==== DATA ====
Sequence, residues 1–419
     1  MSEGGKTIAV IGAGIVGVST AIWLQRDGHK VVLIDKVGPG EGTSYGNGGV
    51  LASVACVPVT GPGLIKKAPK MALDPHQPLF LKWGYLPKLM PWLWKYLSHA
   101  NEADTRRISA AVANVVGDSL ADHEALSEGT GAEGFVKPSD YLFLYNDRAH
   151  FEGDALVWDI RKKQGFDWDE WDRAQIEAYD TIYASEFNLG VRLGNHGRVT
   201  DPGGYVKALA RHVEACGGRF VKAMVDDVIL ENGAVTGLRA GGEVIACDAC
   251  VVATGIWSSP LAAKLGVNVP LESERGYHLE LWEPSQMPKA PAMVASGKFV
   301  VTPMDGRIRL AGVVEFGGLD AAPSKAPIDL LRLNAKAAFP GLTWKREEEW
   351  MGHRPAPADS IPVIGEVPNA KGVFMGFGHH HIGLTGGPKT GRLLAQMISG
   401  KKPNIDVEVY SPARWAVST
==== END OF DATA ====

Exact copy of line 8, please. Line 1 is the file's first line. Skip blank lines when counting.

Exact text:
   301  VTPMDGRIRL AGVVEFGGLD AAPSKAPIDL LRLNAKAAFP GLTWKREEEW